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J Invest Dermatol. 1993 Jul;101(1 Suppl):56S-59S.

Human hair keratins.

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  • 1Ronald O. Perelman Department of Dermatology, N.Y.U. Medical Center, N.Y. 10016.

Abstract

Human hair keratins were among the first to be studied but it is only recently that sufficient information has been obtained to gain a basic biologic perspective of these proteins. Hair keratins are members of the intermediate filament family of proteins, yet are sufficiently divergent from epidermal keratins to warrant separate classification: type Ia and IIa ("hard"/hair keratins) and type Ib and IIb (epidermal and other "soft" keratins). As with hair keratins from other species, the human proteins may be distinguished from their epidermal counterparts by a relatively higher cysteine content, 7.6% versus 2.9%, respectively. This feature reflects utilization of disulfide bonding in producing a tougher, more durable structure in the tissues in which the hair keratins are distributed. Although prominent in hair, their distribution is not strictly limited to this tissue. A number of molecular characteristics have been elucidated from human hair keratin gene studies including amino acid sequence data for a type Ia hair keratin. Studies of various pedigrees has revealed a fairly wide latitude of variation in human hair keratin expression that is tolerated without associated obvious hair phenotypic change. Thus, a foundation of knowledge regarding these proteins has emerged and continues to evolve.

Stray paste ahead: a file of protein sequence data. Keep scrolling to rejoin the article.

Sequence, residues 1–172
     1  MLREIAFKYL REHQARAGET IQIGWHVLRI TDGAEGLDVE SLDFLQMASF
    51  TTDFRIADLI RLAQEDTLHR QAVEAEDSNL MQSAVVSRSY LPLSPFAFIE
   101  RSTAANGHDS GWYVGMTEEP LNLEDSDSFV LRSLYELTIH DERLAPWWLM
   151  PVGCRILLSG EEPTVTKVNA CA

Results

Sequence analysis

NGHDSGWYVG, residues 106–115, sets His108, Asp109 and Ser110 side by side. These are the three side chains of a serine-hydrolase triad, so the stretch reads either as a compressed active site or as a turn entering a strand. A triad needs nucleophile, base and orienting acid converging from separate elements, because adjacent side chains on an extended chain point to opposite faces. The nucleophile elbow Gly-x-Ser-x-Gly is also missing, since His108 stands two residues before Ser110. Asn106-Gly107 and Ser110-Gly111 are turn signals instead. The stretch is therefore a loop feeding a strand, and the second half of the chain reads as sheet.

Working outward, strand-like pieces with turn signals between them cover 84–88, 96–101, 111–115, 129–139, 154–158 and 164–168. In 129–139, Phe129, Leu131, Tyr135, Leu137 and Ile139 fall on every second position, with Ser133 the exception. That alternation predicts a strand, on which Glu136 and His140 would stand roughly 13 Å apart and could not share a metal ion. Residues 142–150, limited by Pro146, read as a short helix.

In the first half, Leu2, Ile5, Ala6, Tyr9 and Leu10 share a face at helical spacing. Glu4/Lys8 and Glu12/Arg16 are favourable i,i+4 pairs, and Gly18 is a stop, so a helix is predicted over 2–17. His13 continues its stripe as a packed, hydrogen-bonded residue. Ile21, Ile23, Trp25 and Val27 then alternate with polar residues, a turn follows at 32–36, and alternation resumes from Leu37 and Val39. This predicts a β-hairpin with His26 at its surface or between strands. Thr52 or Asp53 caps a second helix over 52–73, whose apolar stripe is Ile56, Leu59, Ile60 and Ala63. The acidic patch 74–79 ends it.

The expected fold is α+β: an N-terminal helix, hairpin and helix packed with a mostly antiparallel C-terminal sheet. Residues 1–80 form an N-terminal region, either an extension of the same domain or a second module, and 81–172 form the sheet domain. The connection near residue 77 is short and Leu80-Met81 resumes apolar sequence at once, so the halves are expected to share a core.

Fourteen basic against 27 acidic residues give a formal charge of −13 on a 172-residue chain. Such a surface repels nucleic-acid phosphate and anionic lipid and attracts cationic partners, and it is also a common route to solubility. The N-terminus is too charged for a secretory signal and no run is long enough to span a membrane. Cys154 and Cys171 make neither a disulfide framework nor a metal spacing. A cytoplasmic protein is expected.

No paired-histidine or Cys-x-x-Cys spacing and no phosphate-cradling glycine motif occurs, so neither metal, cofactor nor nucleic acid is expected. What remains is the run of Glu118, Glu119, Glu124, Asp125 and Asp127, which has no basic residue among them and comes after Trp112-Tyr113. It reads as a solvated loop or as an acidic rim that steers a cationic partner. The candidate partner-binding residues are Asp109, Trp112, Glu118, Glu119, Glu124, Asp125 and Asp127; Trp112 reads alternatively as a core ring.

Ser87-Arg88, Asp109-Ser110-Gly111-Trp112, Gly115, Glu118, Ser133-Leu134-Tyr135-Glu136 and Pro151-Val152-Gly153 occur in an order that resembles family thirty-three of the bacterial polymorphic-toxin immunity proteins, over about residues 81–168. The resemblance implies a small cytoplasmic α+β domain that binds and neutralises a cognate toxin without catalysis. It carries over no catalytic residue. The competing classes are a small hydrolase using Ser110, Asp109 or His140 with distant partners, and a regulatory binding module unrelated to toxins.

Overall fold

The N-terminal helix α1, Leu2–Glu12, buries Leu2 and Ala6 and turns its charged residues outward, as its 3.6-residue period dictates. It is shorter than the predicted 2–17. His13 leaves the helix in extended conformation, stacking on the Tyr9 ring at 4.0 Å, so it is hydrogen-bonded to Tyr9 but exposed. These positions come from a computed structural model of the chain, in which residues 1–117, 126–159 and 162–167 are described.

PMID:
7686952
[PubMed - indexed for MEDLINE]

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